Now I'll concede that Seattle might be a better team than the Vikings and Panthers, both of whom are ranked higher. But to move those two out of the spots they earned earlier in the season would be cruel and unusual punishment. Stick around, though. Things'll happen.

As far as Dallas getting that big hike during its bye week, which Paul mentioned in his e-mail ... I was looking for an excuse to move the Cowboys up, because I like their style, and the loss of four teams immediately above them gave me my chance. But why would a Seahawks fan care about the rumbling that goes on four spots below his team? It has nothing to do with Seattle's standing in the chart.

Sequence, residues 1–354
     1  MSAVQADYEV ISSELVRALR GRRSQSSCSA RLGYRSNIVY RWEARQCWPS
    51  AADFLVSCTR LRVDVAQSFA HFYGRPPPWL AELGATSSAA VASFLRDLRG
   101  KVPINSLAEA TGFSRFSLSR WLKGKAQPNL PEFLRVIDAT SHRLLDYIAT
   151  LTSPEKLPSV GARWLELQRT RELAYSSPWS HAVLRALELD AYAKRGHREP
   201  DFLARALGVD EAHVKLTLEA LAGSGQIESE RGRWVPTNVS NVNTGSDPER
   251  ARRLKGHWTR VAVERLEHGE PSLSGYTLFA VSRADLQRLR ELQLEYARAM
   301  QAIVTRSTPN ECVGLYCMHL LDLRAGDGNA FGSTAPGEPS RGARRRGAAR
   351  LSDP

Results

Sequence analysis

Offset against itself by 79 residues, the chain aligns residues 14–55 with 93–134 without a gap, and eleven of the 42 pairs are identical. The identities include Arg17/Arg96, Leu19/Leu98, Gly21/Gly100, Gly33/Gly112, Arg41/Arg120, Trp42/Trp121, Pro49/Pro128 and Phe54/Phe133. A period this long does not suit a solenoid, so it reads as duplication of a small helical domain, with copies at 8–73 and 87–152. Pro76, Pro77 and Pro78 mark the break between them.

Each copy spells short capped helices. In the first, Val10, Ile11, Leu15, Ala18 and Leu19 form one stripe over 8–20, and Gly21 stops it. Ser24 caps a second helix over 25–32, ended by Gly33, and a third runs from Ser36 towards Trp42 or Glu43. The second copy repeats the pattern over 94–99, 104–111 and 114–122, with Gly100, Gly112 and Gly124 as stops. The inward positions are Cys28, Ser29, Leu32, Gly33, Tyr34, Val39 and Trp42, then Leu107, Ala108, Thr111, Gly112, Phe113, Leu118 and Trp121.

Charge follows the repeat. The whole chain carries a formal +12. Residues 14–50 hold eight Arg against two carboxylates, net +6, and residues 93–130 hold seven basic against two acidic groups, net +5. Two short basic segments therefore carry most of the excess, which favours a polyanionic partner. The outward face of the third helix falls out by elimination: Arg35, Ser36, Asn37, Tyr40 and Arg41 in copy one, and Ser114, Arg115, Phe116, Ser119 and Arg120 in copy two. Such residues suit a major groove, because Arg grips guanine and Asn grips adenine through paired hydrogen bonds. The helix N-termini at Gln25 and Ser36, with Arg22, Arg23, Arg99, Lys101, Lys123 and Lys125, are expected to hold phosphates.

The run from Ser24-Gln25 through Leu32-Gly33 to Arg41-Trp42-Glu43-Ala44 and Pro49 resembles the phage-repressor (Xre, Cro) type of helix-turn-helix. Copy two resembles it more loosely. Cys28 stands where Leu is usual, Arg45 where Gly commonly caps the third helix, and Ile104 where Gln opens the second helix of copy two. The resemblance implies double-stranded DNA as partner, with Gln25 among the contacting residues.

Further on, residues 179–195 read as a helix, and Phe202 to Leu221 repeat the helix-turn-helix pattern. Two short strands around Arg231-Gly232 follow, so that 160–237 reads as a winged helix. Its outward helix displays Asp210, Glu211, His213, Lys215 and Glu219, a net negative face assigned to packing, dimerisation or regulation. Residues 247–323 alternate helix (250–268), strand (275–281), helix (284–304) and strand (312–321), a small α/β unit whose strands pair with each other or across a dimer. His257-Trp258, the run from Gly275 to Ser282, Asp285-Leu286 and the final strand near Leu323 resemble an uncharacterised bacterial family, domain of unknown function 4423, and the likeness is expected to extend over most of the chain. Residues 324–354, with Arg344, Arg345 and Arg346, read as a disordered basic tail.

The one comment I will take exception to, however, comes from the Vancouver e-mailer, who feels that my Seahawks bias is so deep that I've even stiffed great Seattle players of the past, such as Steve Largent and Ken Easley. That's a bad one, pal, because, as a Hall of Fame selector I take this stuff very seriously. You've accused me of the kind of small-mindedness that I've been fighting against throughout my whole career. Largent ranks with Raymond Berry as one of the finest possession receivers of all time, although he could also get downfield, to which his 16 yards-per-catch average testifies. Easley's career was, unfortunately, cut short by injury at age 28, which is why he's not in the Hall of Fame. But he was a dynamic hitter, a skillful ball-stripper and a general creator of turnovers -- one of the best ever at that. (When have you ever, for that matter, seen me write that much about strong safeties anyway?) If you check back through my All-Pro teams for both Sports Illustrated, and before that, the New York Post, you'll find Largent's and Easley's names prominently mentioned, plus other 'Hawks I picked but no one else did at the time, i.e. CB Duane Harper, FS Eugene Robinson, and this was way before he showed up as an elder statesman in Atlanta.